But Jehovah’s Witnesses can hardly be faulted for believing that the First World War and the horrific Spanish Flu pandemic that swiftly swept the globe in 1918 was a result of the opening of the seals of the Apocalypse. After all, no Christian wants to be grouped with those who would ridicule the presence of Christ.
But on the other hand, neither should we allow ourselves to be quickly shaken from our reason and believe proclamations regarding the presence of Christ and the arrival of the day of Jehovah that are untrue. Did not the apostle Paul specifically warn Christians to be on guard against unreasoningly accepting apostolic-like official announcements and writings that would falsely proclaim that the parousia and day of Jehovah is here?
Most disconcerting, Paul indicated that this fraud would emanate from Satan’s man of lawlessness within the spiritual temple of God and would be directed specifically at the chosen ones and would immediately precede the actual manifestation of Christ. Paul indicated that God would allow an operation of error to go to those who know the truth in order to test their love of the truth at the genuine manifestation of Christ. (See blog entry: Jehovah’s Witnesses and the Man of Lawlessness)
The 22nd chapter of Isaiah is entitled: “the pronouncement of the valley of the vision.”
As the Watchtower’s commentary on Isaiah notes, although Jerusalem was situated on a hill it was also surrounded by higher hills, making the city itself a valley in comparison. And because Jerusalem is the focus of prophecy, much of which was originally conveyed to the prophets by means of inspired visions, the city of Jerusalem is “the valley of the vision.”
The underlying theme of Bible prophecy is the destruction and restoration of Jerusalem, which in former times was known as the city where Jehovah exclusively caused his name to reside. Because of Jerusalem’s prominence as the center of true worship and the capitol of Jehovah’s earthly kingdom it also has prophetic significance in the Christian arrangement, relative to the coming of Christ. That is made all the more apparent when we consider, for example, the Christian prophets wrote of a heavenly Jerusalem and a New Jerusalem.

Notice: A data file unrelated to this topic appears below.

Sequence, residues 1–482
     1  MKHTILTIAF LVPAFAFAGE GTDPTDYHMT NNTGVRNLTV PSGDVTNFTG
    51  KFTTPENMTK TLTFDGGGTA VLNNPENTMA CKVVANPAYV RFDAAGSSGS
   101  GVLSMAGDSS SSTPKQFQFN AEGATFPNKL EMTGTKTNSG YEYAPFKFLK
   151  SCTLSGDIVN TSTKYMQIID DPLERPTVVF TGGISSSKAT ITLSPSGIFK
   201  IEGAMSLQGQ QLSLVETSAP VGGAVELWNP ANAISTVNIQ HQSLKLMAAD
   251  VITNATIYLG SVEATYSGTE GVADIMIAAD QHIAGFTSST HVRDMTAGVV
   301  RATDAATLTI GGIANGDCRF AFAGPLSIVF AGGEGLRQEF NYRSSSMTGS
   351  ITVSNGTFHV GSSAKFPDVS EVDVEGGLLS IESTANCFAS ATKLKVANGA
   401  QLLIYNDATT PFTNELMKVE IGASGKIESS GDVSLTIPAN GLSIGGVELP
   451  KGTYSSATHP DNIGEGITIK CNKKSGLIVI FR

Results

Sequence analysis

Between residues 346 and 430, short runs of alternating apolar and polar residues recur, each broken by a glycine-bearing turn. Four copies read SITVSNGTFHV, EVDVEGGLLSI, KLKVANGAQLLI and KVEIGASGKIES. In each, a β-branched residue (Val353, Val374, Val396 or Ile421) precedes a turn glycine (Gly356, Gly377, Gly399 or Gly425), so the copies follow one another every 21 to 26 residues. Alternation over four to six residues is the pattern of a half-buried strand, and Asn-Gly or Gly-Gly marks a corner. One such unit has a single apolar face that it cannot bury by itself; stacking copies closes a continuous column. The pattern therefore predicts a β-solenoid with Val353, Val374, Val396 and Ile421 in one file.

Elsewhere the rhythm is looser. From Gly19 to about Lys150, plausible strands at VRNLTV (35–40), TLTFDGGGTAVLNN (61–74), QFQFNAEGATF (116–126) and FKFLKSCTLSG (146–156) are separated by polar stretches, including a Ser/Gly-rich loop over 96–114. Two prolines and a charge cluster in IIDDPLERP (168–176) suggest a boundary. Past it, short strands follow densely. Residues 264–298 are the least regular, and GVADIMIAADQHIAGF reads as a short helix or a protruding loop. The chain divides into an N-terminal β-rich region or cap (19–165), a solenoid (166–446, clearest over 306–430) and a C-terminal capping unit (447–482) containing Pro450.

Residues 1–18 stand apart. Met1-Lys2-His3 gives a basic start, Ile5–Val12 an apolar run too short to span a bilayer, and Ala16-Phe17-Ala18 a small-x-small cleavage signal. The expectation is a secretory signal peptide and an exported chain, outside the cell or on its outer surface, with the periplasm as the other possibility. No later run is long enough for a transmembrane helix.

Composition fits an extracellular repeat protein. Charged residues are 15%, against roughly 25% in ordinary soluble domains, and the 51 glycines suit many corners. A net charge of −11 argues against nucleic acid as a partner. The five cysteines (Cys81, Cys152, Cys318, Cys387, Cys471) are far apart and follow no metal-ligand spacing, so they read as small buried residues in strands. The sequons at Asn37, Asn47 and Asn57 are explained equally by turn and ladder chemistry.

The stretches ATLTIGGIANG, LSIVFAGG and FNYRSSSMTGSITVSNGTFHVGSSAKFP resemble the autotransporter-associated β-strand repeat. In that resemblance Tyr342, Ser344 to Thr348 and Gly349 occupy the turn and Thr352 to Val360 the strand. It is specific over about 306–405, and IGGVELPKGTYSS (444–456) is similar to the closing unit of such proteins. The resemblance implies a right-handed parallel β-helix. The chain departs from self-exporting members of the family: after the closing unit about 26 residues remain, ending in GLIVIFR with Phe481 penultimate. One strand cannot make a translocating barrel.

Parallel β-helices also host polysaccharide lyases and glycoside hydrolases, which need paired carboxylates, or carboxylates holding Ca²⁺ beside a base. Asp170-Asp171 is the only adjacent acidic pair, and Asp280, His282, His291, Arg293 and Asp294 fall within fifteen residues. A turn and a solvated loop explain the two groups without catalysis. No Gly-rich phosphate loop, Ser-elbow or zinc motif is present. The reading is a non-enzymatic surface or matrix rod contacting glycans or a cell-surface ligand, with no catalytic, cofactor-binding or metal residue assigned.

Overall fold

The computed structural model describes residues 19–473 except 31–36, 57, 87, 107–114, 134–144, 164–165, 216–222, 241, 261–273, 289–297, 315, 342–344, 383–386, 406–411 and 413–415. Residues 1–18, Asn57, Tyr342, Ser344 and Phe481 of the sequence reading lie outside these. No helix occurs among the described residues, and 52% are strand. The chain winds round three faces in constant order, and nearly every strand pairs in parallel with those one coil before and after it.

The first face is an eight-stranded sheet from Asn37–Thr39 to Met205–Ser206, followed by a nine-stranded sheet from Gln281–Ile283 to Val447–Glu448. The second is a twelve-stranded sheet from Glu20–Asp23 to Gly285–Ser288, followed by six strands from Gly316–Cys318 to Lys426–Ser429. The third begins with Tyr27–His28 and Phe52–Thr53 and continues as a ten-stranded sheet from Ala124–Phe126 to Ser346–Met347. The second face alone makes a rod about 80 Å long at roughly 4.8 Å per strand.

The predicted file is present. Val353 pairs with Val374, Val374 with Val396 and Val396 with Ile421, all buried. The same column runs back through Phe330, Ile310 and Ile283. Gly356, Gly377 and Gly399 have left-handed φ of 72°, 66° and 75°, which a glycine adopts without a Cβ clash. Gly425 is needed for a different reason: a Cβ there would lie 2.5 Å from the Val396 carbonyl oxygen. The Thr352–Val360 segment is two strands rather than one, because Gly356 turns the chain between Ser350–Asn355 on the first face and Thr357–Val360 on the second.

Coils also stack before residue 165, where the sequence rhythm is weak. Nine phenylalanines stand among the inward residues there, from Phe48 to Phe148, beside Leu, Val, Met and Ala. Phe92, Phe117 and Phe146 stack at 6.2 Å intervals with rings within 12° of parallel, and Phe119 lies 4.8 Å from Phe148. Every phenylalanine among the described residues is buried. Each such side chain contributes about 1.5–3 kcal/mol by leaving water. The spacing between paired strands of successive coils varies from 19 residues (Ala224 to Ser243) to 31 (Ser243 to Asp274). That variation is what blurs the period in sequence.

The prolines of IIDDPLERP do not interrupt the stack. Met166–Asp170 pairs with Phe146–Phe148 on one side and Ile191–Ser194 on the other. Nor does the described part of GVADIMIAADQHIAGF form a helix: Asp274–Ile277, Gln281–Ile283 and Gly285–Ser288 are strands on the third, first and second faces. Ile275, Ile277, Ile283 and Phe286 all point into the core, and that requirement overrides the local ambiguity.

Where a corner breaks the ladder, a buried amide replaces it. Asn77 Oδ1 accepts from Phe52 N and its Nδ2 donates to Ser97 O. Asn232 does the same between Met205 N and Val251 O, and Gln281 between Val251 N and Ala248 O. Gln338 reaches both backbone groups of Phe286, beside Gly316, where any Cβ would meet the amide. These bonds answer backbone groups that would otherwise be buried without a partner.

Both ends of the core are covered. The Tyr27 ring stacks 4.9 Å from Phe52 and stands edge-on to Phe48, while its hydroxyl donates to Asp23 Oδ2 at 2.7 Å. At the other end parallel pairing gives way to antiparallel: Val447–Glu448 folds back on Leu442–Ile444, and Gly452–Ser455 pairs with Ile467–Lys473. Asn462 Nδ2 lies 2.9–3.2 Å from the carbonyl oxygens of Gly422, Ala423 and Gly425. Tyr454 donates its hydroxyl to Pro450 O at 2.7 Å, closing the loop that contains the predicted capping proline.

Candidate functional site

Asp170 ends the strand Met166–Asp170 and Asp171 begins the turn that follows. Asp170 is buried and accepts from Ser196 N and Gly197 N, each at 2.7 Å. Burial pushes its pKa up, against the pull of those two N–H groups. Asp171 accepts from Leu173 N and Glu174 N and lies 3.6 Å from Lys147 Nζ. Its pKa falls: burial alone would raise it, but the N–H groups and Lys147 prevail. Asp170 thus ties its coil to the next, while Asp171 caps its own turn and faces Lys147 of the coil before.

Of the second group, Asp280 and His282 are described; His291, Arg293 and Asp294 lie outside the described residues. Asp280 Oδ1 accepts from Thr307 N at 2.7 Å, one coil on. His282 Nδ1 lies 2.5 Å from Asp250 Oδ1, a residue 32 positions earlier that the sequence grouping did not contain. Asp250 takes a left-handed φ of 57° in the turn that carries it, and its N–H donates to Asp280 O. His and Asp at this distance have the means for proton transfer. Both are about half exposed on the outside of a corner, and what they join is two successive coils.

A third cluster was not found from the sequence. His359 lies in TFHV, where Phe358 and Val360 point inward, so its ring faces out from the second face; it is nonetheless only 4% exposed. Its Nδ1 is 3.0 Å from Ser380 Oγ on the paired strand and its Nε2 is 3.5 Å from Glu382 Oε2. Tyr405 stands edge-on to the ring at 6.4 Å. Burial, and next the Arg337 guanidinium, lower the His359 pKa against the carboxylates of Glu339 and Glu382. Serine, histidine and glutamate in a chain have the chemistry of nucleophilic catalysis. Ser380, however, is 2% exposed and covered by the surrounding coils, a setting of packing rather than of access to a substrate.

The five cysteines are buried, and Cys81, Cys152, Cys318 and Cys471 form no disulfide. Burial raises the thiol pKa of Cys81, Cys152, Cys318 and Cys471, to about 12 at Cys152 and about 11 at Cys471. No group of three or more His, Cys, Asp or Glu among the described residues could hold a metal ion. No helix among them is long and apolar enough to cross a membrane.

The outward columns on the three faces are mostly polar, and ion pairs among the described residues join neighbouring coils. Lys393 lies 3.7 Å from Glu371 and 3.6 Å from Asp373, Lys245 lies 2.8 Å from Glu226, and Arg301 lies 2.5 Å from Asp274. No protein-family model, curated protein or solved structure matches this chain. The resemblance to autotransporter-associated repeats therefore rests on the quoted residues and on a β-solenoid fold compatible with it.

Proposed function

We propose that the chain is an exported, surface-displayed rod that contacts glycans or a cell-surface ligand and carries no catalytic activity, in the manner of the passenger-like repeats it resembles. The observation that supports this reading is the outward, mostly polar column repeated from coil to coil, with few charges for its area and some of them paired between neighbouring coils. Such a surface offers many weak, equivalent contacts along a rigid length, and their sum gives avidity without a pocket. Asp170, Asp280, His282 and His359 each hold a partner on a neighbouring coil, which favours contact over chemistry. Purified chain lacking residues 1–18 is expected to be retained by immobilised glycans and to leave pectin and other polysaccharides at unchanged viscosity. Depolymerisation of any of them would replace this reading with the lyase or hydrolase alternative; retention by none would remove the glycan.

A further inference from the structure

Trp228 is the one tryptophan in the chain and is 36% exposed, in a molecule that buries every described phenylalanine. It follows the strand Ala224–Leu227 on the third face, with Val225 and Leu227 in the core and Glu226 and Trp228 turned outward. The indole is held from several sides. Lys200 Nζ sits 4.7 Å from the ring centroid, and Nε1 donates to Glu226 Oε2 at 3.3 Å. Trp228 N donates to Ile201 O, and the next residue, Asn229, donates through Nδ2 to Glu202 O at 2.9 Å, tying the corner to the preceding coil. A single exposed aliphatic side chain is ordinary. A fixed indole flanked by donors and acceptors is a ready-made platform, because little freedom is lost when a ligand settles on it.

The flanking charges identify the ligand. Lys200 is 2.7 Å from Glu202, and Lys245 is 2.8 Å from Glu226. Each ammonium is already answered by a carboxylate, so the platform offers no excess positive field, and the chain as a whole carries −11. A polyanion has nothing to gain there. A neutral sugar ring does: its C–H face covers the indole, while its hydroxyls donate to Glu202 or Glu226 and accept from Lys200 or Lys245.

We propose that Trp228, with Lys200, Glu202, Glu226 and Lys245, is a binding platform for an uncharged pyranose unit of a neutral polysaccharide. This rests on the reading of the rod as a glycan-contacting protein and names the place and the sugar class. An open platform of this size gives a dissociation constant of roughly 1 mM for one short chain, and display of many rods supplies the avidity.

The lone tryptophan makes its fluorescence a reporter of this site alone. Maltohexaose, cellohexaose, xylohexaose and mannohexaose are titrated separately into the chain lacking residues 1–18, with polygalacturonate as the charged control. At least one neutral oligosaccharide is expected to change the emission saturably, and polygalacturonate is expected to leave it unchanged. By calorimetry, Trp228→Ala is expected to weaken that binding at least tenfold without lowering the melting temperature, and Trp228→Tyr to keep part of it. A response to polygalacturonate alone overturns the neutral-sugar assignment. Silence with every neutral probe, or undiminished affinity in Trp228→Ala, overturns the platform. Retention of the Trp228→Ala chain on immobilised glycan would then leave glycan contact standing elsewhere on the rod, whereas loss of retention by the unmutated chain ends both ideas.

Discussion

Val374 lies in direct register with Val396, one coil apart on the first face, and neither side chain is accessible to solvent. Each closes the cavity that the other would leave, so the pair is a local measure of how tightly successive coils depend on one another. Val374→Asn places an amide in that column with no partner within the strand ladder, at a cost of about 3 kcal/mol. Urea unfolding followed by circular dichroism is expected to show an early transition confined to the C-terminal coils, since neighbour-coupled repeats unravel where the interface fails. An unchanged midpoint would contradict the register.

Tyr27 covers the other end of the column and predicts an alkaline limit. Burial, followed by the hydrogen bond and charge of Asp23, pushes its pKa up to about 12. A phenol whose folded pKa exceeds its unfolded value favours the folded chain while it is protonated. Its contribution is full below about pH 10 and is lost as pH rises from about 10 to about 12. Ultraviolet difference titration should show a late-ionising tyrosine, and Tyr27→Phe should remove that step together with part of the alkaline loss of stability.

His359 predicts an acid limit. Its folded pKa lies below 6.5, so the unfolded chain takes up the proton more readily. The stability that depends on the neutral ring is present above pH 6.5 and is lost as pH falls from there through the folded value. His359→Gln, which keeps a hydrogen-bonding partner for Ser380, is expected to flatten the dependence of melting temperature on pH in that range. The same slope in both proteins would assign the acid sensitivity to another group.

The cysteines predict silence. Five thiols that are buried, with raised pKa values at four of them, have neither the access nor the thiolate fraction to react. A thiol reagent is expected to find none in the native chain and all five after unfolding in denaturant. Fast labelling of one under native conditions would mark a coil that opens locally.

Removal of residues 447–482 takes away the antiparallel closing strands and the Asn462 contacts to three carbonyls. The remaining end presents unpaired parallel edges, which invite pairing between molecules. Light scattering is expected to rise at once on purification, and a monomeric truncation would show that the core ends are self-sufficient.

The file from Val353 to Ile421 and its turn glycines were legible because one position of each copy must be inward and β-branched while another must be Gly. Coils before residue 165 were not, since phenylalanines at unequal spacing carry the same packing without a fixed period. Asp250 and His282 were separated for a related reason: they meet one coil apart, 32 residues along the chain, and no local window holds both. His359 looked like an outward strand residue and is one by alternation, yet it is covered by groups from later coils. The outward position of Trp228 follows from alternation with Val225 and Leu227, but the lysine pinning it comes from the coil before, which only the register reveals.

Not coincidentally, Jerusalem was where Christ terminated his earthly mission after having inspected his Father’s temple for the final time. It is also where Christianity originated – the holy spirit having been poured out upon the original disciples in an upper room in the heart of the holy city. And it appears that the even though the apostles were all from the area of Galilee north of Judea, after Jesus returned to heaven they permanently relocated to Jerusalem – making the city the unofficial earthly headquarters of Christ’s congregation.
The overthrow of tyrannical Babylon is the subject of the 21st chapter of Isaiah. God assured his prophet that the treacherous destroyer of nations and the persecutor of his people was going to be violently thrown down. The fall of ancient Babylon must have shocked the world back then.
How could this incredible event come about? The city of Babylon was considered to be an impregnable fortress. The prophecy continues: ‘“Go, post a lookout that he may tell just what he sees.’ And he saw a war chariot with a span of steeds, a war chariot of asses, a war chariot of camels. And he paid strict attention, with much attentiveness. And he proceeded to call out like a lion: ‘Upon the watchtower, O Jehovah, I am standing constantly by day, and at my guardpost I am stationed all the nights. And here, now, there is coming a war chariot of men, with a span of steeds!”’
History reveals that Babylon fell on one night without much of a fight. King Cyrus had somehow managed to temporarily dry up the Euphrates River, perhaps by opening floodgates upstream to divert the waters into flood detention ponds, sufficiently lowering the water level so that his army could wade across the river in the dead of the night. The prophet, though, does not see a vast army. From his watchtower vantage point the watchman sees only three war chariots – and ultimately a single war chariot with a span of steeds – reminiscent of the horsemen of the Apocalypse, led by the warrior Christ.
After foretelling the subjugation of Egypt and Ethiopia the brief 20th chapter of Isaiah relates an event that occurred during Isaiah’s ministry – the Assyrian military juggernaut swept down and conquered the strategically important Phoenician city of Ashdod. That conquest was a harbinger of things to come for Egypt. It was on that occasion that Jehovah issued a warning to his people that their looked-for hope and helper, Egypt, was doomed and they were left to ponder the unsettling question: “And how shall we ourselves escape?”
In previous articles of this Isaiah series, as well as other writings appearing on e-watchman, the case has been made that America is the Greater Egypt, as well as the king of the south during the time of the end. And both the Assyrian and Babylonian empires of antiquity foreshadow the world conquering eighth king of Revelation and the king fierce countenance, as well as the king of the north during the time of the end.